Impact

Ocean research; UMS; drones; NOAA; U.S. Navy; UMS research; UMS commercialization; climate research; oceanic mapping; ocean exploration; and the Under Secretary of Commerce for Oceans and Atmosphere.

Cost of Senate Bill S. 2511

$5.00 Million
The CBO estimates that implementing this bill would cost $5 million over the 2019-2023 period to cover additional NOAA employees to research the purpose of new unmanned vehicles.

More Information

In-DepthSen. Roger Wicker (R-MS) introduced this bill to advance the NOAA’s use of unmanned maritime systems, encourage private sector research and development, and ensure that maritime data is readily available and reliable:

“Unmanned systems are allowing us to explore the ocean in unprecedented ways. Expanding NOAA’s mission to include the use of this unobtrusive technology would only help to advance our knowledge of what is happening above and below the surface of the water. This legislation also enables the agency to tap into our universities and the private sector to get the brightest minds working together.”

Rep. Steve Palazzo (R-MS), a sponsor of the House version of this bill, adds that by giving the NOAA authority to expand its use of UMS, this bill allows the NOAA to tap into public-private partnerships:

“By enabling NOAA to further advance its use of unmanned maritime systems, we will be able to tap into a wealth of resources between public-private partnerships. This bill creates a framework that brings together defense, non-defense, and private sector partners in order to collect a wide-range of ocean data. I believe uniting these industries to expand unmanned maritime systems usage will fuel [the economy]."

The Consortium for Ocean Leadership supports this bill. Its President and CEO, Retired Rear Admiral Jon White, calls public-private partnerships that advance ocean science beneficial for the entire U.S.:

“Thanks to Senator Wicker and Senator Schatz for introducing this bipartisan bill that addresses key gaps in the establishment of public-private partnerships among defense and non-defense agencies, industry, and academia. Partnerships like these advance the ocean science and technology enterprise, benefitting the entire nation. CENOTE’s bipartisan development is a testament to the widespread prioritization of investing limited national resources efficiently and effectively in the comprehensive application of new maritime technologies. CENOTE is a win for defense, commerce, fisheries, environmental monitoring and research, and disaster planning and recovery, and I encourage Congress to act on it.”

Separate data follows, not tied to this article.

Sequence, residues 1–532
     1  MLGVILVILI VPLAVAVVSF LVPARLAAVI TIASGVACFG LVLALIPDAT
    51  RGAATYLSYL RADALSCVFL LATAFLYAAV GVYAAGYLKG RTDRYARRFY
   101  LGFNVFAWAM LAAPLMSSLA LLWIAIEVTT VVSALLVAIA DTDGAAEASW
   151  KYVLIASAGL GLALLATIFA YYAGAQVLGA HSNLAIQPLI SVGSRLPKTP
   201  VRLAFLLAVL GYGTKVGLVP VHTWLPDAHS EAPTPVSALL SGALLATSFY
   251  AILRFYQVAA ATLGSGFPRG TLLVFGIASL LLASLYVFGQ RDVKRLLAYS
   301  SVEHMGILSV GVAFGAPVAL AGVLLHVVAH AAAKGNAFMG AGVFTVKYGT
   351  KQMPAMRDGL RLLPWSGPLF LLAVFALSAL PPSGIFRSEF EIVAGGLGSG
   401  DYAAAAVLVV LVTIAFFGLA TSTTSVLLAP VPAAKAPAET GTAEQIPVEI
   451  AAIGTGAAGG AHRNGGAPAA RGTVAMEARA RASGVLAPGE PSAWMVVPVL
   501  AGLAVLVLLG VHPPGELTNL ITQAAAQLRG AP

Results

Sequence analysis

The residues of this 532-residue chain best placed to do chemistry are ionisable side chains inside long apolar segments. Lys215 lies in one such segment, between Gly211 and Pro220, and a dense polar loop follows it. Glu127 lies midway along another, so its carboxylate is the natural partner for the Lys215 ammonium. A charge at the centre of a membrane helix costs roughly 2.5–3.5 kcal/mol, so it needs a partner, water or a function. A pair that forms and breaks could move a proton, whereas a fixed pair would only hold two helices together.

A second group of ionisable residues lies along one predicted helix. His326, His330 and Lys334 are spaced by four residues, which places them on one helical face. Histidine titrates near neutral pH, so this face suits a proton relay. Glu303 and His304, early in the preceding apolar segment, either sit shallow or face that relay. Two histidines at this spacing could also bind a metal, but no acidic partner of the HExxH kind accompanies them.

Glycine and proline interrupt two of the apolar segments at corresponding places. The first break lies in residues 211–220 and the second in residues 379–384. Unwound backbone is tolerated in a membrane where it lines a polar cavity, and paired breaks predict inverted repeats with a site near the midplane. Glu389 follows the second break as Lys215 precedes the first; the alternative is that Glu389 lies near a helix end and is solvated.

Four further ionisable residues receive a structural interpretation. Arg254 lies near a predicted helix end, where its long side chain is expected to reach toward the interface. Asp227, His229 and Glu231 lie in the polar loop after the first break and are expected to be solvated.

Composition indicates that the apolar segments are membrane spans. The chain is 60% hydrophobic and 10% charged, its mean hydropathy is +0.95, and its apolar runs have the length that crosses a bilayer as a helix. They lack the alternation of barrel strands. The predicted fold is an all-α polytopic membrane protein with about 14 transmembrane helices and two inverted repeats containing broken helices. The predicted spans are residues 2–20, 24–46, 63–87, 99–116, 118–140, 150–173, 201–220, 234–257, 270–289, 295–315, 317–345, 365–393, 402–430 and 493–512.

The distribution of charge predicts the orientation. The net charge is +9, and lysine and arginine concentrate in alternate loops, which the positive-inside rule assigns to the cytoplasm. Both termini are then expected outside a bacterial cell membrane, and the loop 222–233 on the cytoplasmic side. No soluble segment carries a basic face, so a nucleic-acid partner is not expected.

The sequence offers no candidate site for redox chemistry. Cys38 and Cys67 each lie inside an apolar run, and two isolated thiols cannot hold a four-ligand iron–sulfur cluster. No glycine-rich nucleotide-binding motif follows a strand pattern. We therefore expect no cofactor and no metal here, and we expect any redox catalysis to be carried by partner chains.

Mike Clancy, Required Technical Director of Fleet Numerical Meteorology and Oceanography, explains that understanding the ocean is needed for long-range climate science:

“We are tied into the ocean. We need the oceans to be healthy. You need to understand the oceans so it's important to be able to understand that science. It's important to be able to predict those kinds of variations in the ocean so we can predict long-range what our climate weather will be like and this legislation will advance the technology, it will help us understand all those things.”

This bill passed the Senate with an amendment on a unanimous vote with the support of one cosponsor.


Of NoteUMS’ applications include maintaining and improving national security, coastal and oceanic environmental monitoring, and resource acquisition. They also have applications for oil and energy exploration, infrastructure surveys, search and recovery missions, and military uses. Eventually, as they become more sophisticated, UMSes could potentially gain the ability to work both underwater and in the air to take samples from both air and sea.

Underwater drones offer some significant advantages over remove underwater vehicles (ROVs), particularly in the realm of mobility. Since they, unlike ROVs, don’t have wires, drones are more versatile, able to explore tighter spaces, and more readily able to follow divers.

Some researchers have expressed concern about whether drones disturb wildlife. On land, there are documented cases of drones disturbing animals and causing them to behave in ways they normally wouldn’t — a recent case being that of a brown bear cub and its mother, who were spooked by a drone filming them, causing the mother and cub to take a dangerous mountain passage that the mother wouldn’t have otherwise traversed. There’s less information, however, on how drones underwater affect marine wildlife.


Media:

Summary by Lorelei Yang

(Photo Credit: iStockphoto.com / Matus Duda)

AKA

CENOTE Act of 2018

Official Title

A bill to require the Under Secretary of Commerce for Oceans and Atmosphere to carry out a program on coordinating the assessment and acquisition by the National Oceanic and Atmospheric Administration of unmanned maritime systems, to make available to the public data collected by the Administration using such systems, and for other purposes.